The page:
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June 24, 2024
STATE OF MARYLAND - With the arrival of summer and the Fourth of July holiday quickly approaching, Acting State Fire Marshal Jason M. Mowbray suggests that Marylanders attend public fireworks displays. "I would highly suggest the safest way enjoy fireworks is to attend one of the many public fireworks displays throughout the state," stated Mowbray.

To help Marylanders enjoy a safer summer season, the State Fire Marshal offers several ways to enjoy fireworks while avoiding injury:

Examples of prohibited fireworks include:

  • Firecrackers, Cherry Bombs, Black Cats, M-80's, Crackling Balls and Smoke Bombs
  • Roman Candles and Bottle Rockets (whistling and/or with report)
  • Sky Rockets, Helicopter-type Rockets, Spinning Wheels, moving tanks or other vehicles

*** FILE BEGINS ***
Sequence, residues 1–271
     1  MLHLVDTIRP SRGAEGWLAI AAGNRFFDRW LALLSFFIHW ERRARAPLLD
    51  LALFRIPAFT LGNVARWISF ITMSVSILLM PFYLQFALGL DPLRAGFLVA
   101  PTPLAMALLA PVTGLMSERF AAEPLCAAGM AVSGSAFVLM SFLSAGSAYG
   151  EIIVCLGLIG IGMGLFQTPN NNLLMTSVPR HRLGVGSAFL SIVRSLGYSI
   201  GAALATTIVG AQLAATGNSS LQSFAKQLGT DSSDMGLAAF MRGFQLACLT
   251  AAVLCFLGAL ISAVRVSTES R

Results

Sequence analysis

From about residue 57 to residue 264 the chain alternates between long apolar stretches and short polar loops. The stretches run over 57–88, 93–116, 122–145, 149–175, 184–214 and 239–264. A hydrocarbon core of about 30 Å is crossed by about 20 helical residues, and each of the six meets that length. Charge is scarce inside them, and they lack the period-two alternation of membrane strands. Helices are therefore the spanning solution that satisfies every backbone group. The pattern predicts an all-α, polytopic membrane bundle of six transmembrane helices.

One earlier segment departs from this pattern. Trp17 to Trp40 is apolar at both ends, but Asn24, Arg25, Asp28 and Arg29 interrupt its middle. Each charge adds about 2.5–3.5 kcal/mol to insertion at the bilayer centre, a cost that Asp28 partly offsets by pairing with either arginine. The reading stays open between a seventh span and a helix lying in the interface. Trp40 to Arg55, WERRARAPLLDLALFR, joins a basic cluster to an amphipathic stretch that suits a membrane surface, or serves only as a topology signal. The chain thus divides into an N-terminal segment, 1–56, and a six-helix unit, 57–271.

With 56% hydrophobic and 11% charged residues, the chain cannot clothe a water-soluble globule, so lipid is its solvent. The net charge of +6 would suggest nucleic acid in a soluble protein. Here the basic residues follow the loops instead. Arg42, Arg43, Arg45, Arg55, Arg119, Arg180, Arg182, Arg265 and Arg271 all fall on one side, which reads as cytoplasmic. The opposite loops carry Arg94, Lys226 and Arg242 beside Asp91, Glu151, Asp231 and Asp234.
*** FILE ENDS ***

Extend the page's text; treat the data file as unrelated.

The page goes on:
• Any firework that is shot from a mortar tube

For those individuals who insist on the use of consumer fireworks

  • Purchase the fireworks in the location where you intend to discharge them. Check with the local municipality to determine what fireworks are legal for use in that area.
  • Fireworks are PROHIBITED in Baltimore City, Montgomery, Prince George's, Harford, and Howard counties, as well as Ocean City.
  • Read and follow label warnings and instructions.
  • Do not allow small children to use fireworks.
  • Do not consume alcoholic beverages while using fireworks.
  • Have a bucket of water or hose available.
  • Fully extinguish remains of fireworks in water before disposal.

Any law enforcement officer may issue a criminal citation and confiscate fireworks for violations. Confiscated fireworks must be turned over to the State Fire Marshal's Office for disposal. The penalty, according to state code, for intending to ignite or igniting prohibited fireworks is $250.

"Fireworks have been a long tradition of the 4th of July holiday celebrations. Please make safety your number one priority so everyone can enjoy the holiday season." stated Acting State Fire Marshal Mowbray. "By acting responsibly, we can help eliminate fireworks injuries in Maryland."